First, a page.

Lithium batteries, in general, provide a wide range of advantages that are difficult, if not impossible, to duplicate in any other way. They’re also known as lithium-metal batteries because they use lithium as an anode. They’re normally capable of providing a far higher charge density (read: longer lifespan) than other options on the market today.
Lithium batteries have a wide range of uses in our daily lives for this reason alone, especially for those crucial that we don’t spend enough time thinking about.
However, regardless of the use, you will have two major alternatives when it comes to selecting a lithium battery for your usage. In today’s modern, tech-driven world, cylindrical and prismatic lithium batteries are fairly widespread, and each has its own set of advantages and best practices that are well worth investigating.
What Are Cylindrical Lithium Batteries?
As the name implies, cylindrical lithium batteries have electrodes contained in a cylindrical cell that is twisted very tightly within a specifically constructed metal casing. Even under the most extreme use conditions, this unique design helps to reduce the risks of the electrode material breaking up.
Mechanical vibrations, heat cycling from charging and discharging, and mechanical expansion of current conductors are all factors that can shorten the life of a battery. As a result, the cylindrical units’ design is intended to assist limit risk from these and other factors to the greatest extent possible.
For these reasons, cylindrical batteries are commonly encountered in the medical device systems indicated above. Portable electronics, including laptop computers, use smaller, more specifically constructed cylindrical cells. Tesla, for example, recently made news by choosing cylindrical lithium batteries to power its popular electric vehicles.
What Are Prismatic Lithium Batteries?
A prismatic lithium battery, on the other hand, has a cell that has been encased in either aluminum or steel, mostly for added stability. As a result, there are several crucial advantages right once. Prismatic lithium batteries are thin, light, and allow efficient space utilization due to their unique structure and content.
Because the rectangular shape of a prismatic Li-battery allows for significantly greater stacking than other possibilities, engineers have more freedom when creating products that will use prismatic batteries as power sources in the future. As a result, prismatic batteries are commonly found in smartphones, tablets, and other electronic gadgets where mobility is a top requirement.
Because of these characteristics, prismatic batteries are now widely used in more important applications such as energy storage systems and electric powertrains.
Cylindrical Versus Prismatic Batteries: Breaking Things Down
Cylindrical lithium batteries are the most widely available (and used) variety nowadays for a reason. When compared to prismatic equivalents, they may often be made faster while also having a cheaper cost-per-KWh (kilowatt-hour). The design itself, for example, better accommodates the types of automated processes that are ubiquitous in factories and other production environments around the country, which only help to improve product consistency and keep final prices as low as possible.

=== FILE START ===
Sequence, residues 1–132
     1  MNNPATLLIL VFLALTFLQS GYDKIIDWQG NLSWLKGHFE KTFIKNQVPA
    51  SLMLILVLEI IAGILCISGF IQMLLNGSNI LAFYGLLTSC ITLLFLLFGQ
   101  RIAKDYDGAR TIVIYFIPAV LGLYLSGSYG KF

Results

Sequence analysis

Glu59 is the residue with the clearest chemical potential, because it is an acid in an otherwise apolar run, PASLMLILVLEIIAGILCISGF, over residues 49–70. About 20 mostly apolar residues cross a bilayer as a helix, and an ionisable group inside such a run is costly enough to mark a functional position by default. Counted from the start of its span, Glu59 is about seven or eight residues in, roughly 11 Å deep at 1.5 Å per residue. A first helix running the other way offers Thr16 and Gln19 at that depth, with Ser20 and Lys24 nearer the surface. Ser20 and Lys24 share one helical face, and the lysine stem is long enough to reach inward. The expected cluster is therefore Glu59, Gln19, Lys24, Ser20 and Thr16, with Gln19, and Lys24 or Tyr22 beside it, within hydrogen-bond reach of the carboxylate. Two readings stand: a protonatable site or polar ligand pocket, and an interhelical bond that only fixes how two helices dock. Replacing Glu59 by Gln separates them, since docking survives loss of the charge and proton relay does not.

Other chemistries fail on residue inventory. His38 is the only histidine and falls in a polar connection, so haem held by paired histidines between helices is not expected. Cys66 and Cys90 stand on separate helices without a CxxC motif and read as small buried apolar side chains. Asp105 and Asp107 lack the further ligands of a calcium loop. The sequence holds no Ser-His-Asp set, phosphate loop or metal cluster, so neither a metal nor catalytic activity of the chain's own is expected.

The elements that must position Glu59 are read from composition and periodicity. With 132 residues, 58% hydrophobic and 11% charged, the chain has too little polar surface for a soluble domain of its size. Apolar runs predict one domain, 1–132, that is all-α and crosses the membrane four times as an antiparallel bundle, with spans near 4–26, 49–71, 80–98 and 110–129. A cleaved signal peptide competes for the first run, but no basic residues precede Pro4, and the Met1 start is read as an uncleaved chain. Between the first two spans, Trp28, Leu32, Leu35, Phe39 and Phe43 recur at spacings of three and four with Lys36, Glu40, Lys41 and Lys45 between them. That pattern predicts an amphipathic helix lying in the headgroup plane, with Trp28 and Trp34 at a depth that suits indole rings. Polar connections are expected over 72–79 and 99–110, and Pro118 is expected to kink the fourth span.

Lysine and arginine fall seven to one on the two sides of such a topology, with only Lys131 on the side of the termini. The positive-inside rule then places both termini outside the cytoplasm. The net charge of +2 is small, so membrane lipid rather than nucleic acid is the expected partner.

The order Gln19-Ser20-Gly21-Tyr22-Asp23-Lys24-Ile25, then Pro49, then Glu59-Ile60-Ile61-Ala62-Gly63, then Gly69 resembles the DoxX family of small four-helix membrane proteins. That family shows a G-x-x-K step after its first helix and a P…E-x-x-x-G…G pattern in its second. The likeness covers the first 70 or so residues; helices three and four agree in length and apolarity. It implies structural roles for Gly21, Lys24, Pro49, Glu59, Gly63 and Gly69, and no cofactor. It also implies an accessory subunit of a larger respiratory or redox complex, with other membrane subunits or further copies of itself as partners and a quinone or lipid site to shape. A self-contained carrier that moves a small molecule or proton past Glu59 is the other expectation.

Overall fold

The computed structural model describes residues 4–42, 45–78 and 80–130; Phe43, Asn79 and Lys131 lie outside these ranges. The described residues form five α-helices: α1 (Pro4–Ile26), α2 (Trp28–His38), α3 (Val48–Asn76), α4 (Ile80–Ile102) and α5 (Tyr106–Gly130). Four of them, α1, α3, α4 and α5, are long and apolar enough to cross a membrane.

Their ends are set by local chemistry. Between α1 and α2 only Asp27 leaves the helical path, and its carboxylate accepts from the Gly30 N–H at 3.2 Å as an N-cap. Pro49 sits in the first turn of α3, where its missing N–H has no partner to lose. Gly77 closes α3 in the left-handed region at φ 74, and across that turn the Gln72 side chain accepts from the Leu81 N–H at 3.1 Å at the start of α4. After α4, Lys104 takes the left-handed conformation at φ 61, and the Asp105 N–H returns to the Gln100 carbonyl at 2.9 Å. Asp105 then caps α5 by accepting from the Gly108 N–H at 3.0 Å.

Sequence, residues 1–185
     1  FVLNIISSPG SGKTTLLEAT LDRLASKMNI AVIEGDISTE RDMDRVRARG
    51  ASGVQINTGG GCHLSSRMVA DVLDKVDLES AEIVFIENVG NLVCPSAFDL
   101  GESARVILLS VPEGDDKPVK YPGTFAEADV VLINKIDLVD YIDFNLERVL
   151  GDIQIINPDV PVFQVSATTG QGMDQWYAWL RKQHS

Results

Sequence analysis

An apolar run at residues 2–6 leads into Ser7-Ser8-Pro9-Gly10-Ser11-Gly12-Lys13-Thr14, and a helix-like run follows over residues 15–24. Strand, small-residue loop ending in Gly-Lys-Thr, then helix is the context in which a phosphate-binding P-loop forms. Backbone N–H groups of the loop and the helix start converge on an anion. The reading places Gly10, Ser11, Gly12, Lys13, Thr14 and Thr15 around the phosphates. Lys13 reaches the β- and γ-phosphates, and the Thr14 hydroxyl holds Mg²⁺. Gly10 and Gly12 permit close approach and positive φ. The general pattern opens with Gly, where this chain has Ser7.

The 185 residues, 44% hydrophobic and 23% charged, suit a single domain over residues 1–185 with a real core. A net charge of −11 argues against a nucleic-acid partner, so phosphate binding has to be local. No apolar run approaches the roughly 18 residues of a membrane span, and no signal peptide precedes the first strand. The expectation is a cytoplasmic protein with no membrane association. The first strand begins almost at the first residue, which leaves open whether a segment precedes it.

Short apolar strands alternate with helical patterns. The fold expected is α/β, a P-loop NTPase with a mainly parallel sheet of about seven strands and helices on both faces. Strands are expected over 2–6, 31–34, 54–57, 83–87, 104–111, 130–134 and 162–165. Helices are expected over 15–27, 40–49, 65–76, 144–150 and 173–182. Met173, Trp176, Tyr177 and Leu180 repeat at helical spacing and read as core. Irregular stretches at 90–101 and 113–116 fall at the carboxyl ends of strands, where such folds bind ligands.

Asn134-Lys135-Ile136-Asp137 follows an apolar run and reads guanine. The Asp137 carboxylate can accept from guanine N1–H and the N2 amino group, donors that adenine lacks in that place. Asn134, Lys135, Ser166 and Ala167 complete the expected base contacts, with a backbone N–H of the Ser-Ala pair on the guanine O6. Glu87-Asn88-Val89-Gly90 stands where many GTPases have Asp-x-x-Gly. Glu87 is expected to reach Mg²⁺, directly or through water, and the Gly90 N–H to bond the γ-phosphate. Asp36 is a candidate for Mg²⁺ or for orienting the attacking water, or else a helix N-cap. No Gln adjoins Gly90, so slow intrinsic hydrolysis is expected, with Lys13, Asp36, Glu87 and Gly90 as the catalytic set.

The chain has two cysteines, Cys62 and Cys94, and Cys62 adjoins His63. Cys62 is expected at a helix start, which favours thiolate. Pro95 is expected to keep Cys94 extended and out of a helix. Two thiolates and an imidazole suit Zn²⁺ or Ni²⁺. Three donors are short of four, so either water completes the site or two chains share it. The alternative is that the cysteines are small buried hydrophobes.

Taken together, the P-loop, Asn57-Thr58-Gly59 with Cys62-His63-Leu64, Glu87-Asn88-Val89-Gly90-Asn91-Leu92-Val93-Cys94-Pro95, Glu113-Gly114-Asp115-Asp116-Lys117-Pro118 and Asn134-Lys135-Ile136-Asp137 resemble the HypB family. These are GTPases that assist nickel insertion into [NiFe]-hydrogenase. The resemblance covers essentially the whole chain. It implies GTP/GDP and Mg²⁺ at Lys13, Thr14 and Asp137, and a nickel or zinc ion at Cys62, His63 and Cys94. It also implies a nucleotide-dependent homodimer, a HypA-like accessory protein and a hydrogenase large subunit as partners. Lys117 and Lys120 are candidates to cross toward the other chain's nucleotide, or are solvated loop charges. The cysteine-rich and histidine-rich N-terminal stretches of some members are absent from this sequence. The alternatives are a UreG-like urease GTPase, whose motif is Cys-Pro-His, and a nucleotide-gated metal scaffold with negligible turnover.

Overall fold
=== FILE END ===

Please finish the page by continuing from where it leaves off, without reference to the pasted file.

However, one of the main reasons prismatic cells have become more popular in recent years is because of their huge capacity. This, combined with their inherently prismatic structure, makes connecting four separate cells to produce something akin to a 12-volt battery pack a breeze.
However, the prismatic design has its own set of difficulties, notably in terms of what happens if something goes wrong. If one cell in a prismatic battery fails for any reason, the entire battery pack in which it is a part is harmed.
These are the types of issues that designers and other engineers don’t have to worry about because the cells in a cylindrical battery are connected in series and parallel.
Cylindrical Li batteries also tend to radiate heat (and so manage their temperature) more easily than their prismatic counterparts due to their design. Because of the way prismatic cells are arranged, this increases capacity, but it also increases the risk of design inconsistencies and short-circuiting. The prismatic cell’s bigger size may be appealing in some settings, but it also reduces the likelihood of such a battery being employed in a heavily automated system.
The higher capacity makes it significantly more difficult for the battery management system to appropriately regulate heat and prevent the battery from overcharging, which is likely the largest disadvantage for prismatic batteries.
As previously noted, the tiny form factor of a prismatic battery gives product designers more flexibility; yet, this comes with its own set of drawbacks. That same architecture makes prismatic batteries more difficult and expensive to design and produce, expenses that will almost surely be passed on to customers. This versatility has resulted in a finite number of cell sizes, which just adds to the problem.
It’s worth noting, though, that the subject of expenses also comes with a few key caveats. Because prismatic cells are frequently larger than their cylindrical counterparts and so cost more initially, experts agree that they provide more opportunities for cost reduction in the long run. As a result, you could wish to consider the cost element this way: is it more vital to saving money now by going cylindrical, or can you rely on your ability to innovate and perhaps save a larger amount of money over time? Of course, the answer to that question is one that only you can give based on whatever it is you’re trying to accomplish.